Considering getting your Remote Pilot Certificate? The May-June 2017 FAA Safety Briefing covers everything you need to know.
The May-June 2017 FAA Safety Briefing is here, and the focus for the agency’s latest issue of their bi-monthly digital publication is the rapidly growing world of Unmanned Aircraft Systems (UAS). The issue features articles exploring and answering “the who, what, where, when, why and how of UAS operations,” including regulatory and technical challenges UAS operators need to be aware of. So, let’s a brief look at the articles the FAA’s prepared, and other topics up for discussion in the FAA’s latest Safety Briefing issue.
Overview of the May-June 2017 FAA Safety Briefing
In The Dawn of Drones: Why We All Need to Care About UAS, active GA pilot, flight instructor, and FAA Safety Briefing editor Susan Parson explores what she sees as the three different camps pilots fall into when it comes to drones: the Doomsayers, the Dozers, and the Dazzled. In the article, Parson also reveals that as of her writing of the article, the FAA has issued “an astonishing 52,000 Remote Pilot certificates,” and that registered drones (over 750,000) have already well surpassed registered manned aircraft (209,000) in the FAA’s Aircraft Registry.
Up next is pilot, ground instructor, and FAA Safety Briefing Associate Editor James Williams with When Do I Need a Certificate? A Look at Hobbyist vs. Commercial Requirements for Small UAS. In the article, Williams explores the guidelines that need to be met by all drone pilots and the part 107 requirements that detail what a drone pilot has to do to be able to fly for compensation, including the requirements that can have a certificate of waiver issued for them.
Safety Briefing assistant editor and student pilot Jennifer Caron follows up with Who’s Behind UAS? A Look at Drone Support, Programs, and Initiatives in the FAA. Caron covers the many different “drone support mechanisms, programs, and initiatives” the FAA has in place for the benefit of the both operators, and the public. Then, commercial pilot and Managing Editor of the FAA Safety Briefing Tom Hoffman joins in with How Do We All Get Along: A Look at the FAA’s Strategy for UAS Integration into the NAS. Noting that the FAA understands that a “one-size-fits-all” approach to integrating drones safely and efficiently into the NAS has “little chance of being effective,” Hoffman discusses how the current part 107 rule is part of the groundwork for “a more inclusive type of system.”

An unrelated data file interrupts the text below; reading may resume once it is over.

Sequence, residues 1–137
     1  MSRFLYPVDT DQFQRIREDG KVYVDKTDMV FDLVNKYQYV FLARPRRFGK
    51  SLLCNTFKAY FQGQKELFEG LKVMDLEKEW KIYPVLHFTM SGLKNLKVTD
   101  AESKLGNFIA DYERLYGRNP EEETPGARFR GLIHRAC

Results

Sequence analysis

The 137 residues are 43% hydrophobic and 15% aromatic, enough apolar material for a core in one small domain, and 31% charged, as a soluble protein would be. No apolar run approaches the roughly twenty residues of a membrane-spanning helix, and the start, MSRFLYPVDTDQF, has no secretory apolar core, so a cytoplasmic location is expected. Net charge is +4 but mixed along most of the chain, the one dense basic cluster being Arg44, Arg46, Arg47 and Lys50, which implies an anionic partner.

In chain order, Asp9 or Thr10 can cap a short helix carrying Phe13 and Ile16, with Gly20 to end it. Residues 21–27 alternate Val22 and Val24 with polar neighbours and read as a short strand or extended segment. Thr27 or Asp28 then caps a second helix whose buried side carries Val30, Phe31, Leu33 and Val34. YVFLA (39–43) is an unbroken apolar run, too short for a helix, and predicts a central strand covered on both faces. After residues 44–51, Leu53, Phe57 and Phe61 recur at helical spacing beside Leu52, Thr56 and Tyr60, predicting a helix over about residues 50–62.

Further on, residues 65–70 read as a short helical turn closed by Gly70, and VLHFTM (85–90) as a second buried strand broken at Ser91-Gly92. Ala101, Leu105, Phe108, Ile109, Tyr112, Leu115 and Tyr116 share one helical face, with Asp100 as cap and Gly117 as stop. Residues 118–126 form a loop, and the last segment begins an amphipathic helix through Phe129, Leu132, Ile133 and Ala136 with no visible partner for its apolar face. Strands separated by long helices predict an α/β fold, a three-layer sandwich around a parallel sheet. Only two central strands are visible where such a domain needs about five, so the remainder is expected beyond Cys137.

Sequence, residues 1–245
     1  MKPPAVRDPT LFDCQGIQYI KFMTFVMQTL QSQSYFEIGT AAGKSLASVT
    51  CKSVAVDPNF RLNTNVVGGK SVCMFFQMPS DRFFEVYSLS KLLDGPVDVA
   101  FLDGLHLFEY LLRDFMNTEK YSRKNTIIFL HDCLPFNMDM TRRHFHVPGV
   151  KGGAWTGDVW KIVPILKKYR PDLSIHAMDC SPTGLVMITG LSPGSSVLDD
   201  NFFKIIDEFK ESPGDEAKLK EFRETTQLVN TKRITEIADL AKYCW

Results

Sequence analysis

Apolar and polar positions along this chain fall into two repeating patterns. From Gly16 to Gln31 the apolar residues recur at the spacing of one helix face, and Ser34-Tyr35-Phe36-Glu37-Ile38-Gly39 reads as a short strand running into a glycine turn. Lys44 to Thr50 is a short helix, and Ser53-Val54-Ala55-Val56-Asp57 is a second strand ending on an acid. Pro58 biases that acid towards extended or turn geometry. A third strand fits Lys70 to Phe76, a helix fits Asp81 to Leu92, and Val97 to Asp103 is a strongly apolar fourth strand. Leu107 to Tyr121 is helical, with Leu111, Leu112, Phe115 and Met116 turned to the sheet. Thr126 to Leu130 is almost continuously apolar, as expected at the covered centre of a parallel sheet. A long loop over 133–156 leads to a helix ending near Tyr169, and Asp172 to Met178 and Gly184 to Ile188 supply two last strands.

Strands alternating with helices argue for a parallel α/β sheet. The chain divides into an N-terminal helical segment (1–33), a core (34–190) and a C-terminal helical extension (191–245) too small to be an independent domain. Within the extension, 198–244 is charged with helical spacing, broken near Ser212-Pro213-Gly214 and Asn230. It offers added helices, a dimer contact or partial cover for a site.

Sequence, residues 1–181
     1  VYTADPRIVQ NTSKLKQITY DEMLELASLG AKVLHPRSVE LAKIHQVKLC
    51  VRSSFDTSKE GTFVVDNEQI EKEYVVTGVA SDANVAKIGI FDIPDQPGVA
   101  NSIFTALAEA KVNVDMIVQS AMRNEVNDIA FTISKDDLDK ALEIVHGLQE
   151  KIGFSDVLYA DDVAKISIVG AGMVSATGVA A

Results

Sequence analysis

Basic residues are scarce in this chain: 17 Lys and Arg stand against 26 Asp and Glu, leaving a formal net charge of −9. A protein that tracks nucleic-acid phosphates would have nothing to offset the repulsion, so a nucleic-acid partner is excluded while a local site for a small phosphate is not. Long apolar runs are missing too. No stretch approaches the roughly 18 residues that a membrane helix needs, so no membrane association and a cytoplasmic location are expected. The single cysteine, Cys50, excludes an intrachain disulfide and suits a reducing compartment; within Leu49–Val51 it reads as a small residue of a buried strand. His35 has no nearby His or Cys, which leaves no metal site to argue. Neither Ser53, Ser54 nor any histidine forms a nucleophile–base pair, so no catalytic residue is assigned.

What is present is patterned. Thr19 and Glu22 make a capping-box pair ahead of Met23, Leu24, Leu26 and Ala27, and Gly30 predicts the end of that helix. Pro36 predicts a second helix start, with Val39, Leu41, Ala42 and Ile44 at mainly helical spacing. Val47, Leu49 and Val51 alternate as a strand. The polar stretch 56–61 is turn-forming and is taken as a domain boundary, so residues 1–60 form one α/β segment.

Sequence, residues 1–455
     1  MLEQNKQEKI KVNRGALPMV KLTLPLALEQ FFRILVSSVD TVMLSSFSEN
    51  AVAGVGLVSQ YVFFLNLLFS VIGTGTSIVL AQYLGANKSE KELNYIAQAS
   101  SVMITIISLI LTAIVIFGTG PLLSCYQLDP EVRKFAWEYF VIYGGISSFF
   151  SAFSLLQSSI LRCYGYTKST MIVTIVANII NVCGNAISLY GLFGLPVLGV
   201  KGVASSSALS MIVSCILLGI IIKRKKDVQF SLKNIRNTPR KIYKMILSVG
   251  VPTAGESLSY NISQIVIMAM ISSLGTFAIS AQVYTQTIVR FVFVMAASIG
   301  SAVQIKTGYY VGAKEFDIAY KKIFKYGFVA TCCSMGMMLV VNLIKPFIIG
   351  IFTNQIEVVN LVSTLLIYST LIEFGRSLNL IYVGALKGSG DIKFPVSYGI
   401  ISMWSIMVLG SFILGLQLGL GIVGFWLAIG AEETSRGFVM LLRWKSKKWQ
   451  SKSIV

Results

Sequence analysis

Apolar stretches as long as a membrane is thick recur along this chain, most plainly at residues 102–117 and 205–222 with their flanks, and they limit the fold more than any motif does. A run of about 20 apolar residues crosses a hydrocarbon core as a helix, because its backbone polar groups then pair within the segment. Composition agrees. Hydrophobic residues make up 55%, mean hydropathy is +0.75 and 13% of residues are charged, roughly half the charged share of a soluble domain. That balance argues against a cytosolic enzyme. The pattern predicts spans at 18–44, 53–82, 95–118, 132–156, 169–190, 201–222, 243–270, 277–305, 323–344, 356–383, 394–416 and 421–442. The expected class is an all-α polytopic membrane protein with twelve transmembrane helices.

Next, for Where Do I Find the Drone Zone? Navigating Cyberspace for Official UAS Resources, assistant Safety Briefing editor, U.S. Air Force veteran, and rated Civil Air Patrol aircrew member Paul Cianciolo discusses where to find different resources online. This includes where pilots can register their drones, the FAA’s Remote Pilot study guide and knowledge test guide, where to report a part 107 related accident, and more. Chris Huebner, a subject matter expert and Lieutenant Commander in the U.S. Navy Reserve, then provides a look at a different type of drone with What’s It Like to Fly a Global Hawk? A First Person Account of Large UAS Operations. Huebner’s account is not only fascinating but relevant to the discussion because, as Huebner puts it, the “the risk-based approach and best practices” he describes are applicable to both part 107 remote pilots and hobbyists as “a Global Hawk is a large UAS.”
Finally, Cianciolo returns for Drone Dragnet: UAS Guide for Law Enforcement Officials, discussing topics such as what rights law enforcement has when it comes to enforcement actions. And for those considering possibly just flying drone ‘under the radar,’ so to speak, and not complying with the various regulations, Cianciolo notes that “the FAA may assess civil penalties of up to $27,500 for failure to register a UAS, including model aircraft,” while the criminal penalties may “include fines of up to $250,000 and/or imprisonment for up to three years.” So, probably not a good idea.
And if that’s not enough, the May-June 2017 FAA Safety Briefing also covers additional topics like the career potential for Drone Maintenance Technicians, how the FAA’s B4UFLY app adds to drone safety, and avoiding collisions between drones and helicopters.
To read the May-June issue of Safety Briefing, click here, or on the image to the right. You can also visit the main Safety Briefing page, where in addition to the PDF version, they also offer an ePub version (for iPads and Nooks) and a Mobi version (for Kindles.)
Featured Image: courtesy of the FAA
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